Horrible H20: Why Does Florida Have Hard Water?
When you think of something hard, it's likely that a rock, a brick, or a piece of wood comes to mind. Although there's no arguing that these objects are solid, they aren't the only ones categorized as such.
As much as it might surprise you, the water streaming out of your faucet when you're washing the dishes, taking a shower, or watering the lawn is possibly hard too. This is especially true in the Sunshine State itself. That's right, Florida.
With that being said, here's a brief explanation of what hard water is and why Florida has so much of it.
Florida's Land Contains Large Amounts of Limestone
According to the U.S. Geological Survey (USGS), most of the ground water found in Florida contains between 121 and 180 milligrams per liter of hard minerals. The minerals, including calcium and magnesium, dissolve in the water and are usually invisible to the human eye. To understand why Florida is abundant with such water, you must first understand the cycle.
The Hydrologic Cycle
As you might know, water travels in a natural cycle better known as the hydrologic cycle. Essentially, this is the process that involves the movement of water through the environment. Water molecules found in the rivers, lakes, and oceans evaporate to form clouds. The clouds then fall as rain, and as a result, this precipitation is absorbed by the ground or runs into the rivers, lakes, and oceans.
Hard water is created when the ground absorbs it. Since water is a universal solvent (it can dissolve almost anything), it eats up anything that's found in the soil when it's absorbed. Limestone, which is a softer rock, is eaten up by water while it's absorbed by the ground and picks up much of the calcium and magnesium. This process is how water becomes hard.
Florida: A Karstic State
Florida is known as a "karstic" state. What this means is that much of the land -- or rock -- in it contains large amounts of limestone. To put things into perspective, approximately 5 to 10 percent of the Earth is considered karstic. As rain falls into the ground in Florida, it dissolves the limestone while filtering down. The dissolved limestone creates the hard water.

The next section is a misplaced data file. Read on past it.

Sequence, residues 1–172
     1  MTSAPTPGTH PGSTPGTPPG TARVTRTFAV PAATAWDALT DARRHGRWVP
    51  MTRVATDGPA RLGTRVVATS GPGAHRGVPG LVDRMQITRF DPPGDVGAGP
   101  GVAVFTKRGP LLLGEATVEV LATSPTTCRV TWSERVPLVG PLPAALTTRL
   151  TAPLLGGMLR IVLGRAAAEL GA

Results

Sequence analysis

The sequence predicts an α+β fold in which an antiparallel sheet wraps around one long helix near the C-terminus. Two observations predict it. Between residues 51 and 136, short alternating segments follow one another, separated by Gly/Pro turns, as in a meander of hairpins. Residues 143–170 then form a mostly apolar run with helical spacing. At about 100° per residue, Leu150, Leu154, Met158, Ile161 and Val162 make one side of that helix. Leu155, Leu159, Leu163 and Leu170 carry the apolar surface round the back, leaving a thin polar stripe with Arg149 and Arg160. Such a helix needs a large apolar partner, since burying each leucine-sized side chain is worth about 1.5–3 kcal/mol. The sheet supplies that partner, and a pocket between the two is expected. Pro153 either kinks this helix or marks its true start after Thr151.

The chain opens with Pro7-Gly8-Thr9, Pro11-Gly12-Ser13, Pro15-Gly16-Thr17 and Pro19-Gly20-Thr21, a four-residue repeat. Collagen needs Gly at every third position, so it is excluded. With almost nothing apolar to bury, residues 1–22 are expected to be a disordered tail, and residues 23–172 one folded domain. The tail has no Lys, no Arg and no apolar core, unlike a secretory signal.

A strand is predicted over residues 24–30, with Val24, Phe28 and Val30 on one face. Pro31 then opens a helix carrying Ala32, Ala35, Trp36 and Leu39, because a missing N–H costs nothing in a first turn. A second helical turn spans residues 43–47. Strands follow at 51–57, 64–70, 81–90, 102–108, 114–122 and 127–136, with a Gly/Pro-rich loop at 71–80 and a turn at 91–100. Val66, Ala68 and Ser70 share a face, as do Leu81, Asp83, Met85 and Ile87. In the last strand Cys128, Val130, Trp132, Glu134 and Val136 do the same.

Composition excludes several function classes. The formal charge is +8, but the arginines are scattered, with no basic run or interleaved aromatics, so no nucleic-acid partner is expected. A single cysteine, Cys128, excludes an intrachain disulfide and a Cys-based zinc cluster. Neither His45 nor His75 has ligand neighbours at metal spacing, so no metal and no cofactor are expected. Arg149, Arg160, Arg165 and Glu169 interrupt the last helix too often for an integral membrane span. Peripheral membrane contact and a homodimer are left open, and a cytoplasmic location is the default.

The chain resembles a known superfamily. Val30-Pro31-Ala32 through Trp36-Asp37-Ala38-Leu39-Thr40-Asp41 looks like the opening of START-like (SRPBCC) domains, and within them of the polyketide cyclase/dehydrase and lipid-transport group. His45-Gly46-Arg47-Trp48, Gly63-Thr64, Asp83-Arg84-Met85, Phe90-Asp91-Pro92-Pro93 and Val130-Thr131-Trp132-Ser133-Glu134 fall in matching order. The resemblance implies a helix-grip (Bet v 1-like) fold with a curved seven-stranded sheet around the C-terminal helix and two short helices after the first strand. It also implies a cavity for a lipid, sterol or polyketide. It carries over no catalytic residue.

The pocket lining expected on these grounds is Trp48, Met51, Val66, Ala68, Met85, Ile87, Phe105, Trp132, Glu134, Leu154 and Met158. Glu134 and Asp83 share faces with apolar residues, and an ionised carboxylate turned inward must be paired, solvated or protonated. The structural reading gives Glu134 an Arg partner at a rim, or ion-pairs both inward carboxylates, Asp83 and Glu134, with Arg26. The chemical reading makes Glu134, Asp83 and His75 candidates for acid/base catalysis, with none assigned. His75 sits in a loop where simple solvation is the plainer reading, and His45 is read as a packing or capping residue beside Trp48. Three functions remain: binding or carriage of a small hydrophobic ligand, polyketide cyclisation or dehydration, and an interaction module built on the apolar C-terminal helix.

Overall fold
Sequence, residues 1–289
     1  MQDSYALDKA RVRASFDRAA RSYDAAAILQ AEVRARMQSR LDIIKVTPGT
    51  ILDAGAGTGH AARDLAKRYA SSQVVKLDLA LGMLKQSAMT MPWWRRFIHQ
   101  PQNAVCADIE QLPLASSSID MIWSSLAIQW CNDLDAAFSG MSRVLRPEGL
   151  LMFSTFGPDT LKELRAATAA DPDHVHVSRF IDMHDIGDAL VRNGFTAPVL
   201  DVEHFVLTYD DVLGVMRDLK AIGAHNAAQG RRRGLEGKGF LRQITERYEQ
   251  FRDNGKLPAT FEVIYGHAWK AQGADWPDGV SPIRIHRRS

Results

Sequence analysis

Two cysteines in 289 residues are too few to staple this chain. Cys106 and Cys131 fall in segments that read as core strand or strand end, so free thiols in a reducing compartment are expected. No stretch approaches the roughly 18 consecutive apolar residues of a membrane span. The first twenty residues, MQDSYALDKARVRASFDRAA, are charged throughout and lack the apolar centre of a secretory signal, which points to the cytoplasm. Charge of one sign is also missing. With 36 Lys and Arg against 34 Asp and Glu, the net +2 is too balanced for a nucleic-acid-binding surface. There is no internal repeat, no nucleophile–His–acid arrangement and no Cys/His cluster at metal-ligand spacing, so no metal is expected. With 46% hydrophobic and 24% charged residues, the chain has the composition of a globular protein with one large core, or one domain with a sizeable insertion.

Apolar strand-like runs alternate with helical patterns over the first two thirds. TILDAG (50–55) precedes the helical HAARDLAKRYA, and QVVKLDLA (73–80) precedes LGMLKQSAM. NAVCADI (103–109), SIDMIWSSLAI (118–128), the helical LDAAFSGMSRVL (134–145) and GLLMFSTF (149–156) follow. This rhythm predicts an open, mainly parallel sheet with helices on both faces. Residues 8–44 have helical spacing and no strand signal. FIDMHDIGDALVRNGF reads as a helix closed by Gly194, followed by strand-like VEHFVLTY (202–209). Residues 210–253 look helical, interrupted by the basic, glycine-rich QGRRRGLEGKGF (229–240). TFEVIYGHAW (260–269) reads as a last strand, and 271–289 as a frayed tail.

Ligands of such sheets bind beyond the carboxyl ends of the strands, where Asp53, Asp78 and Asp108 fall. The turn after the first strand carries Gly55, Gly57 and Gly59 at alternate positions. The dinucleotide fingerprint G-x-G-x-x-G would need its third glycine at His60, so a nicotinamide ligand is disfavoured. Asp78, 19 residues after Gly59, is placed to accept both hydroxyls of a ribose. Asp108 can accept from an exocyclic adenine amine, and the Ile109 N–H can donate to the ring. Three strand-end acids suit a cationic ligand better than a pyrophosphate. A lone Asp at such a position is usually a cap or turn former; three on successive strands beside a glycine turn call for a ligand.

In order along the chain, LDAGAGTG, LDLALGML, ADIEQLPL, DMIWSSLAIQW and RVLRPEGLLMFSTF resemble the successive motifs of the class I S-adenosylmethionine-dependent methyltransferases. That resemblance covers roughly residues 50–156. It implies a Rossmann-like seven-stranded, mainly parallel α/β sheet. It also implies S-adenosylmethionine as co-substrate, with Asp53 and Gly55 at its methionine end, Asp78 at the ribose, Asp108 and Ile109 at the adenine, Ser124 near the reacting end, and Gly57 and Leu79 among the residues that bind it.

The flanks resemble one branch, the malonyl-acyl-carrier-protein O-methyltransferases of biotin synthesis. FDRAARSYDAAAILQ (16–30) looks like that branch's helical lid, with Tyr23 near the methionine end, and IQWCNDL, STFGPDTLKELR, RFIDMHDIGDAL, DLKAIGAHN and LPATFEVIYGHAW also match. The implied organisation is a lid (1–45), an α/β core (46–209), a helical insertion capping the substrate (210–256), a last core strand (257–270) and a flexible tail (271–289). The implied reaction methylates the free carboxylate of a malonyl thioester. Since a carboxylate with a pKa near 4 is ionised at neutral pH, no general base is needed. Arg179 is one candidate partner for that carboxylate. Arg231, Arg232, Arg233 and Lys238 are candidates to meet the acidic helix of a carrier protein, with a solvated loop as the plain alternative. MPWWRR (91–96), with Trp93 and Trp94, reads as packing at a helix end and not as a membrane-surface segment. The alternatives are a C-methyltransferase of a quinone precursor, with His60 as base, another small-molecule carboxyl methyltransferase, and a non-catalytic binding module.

Floridians Aren't Using the Right Equipment to Soften Their Water
Okay, so now that you've learned about what creates hard water and why Florida has so much of it, you must consider the ramifications that it has on your daily life. Think about it: You use water in many important processes daily. Whether it's laundering your clothes, bathing your body, or washing your dishes, water is an essential part of your life.
Hard Water's Negative Impact
When you use hard water during these processes, it has a negative impact in more ways than you probably thought. Believe it or not, hard water can shorten the lifespan of your clothes by up to 40 percent. When it comes to bathing in it, it dries your skin and can damage your hair (if you have any).
That's not all, though. Hard water has a direct impact on your appliances' functionality and other parts of your home or apartment. Appliances like dishwashers, meant to clean your dishes, can actually leave behind spots and film because of the hard water used during the wash cycle. In many cases, it's almost a waste to even try to run the dishwater if you want your glasses and silverware spotless. Not only that, but hard water is known to clog up pipes, reducing water flow and increasing energy bills by up to 25 percent.
Solving the Problem
To combat your hard water problems, it's important to have a system in place that's strong enough to cut through the minerals causing the issues. Some alternatives to water softeners do exactly that, providing you with great tasting water while eliminating the problems that hard water can cause to your body, your home, and -- ultimately -- your pockets.
If you live in or have visited the Sunshine State, it's likely you've noticed how horrible the water tastes and how inefficient it is when it comes to washing your body, your dishes, or your clothes. Blame it on the hard water. To soften it up, use the right equipment and you'll be enjoying endless amounts of clean H20 in no time.
Photo Credit: Florida Hard Water Problems/shutterstock
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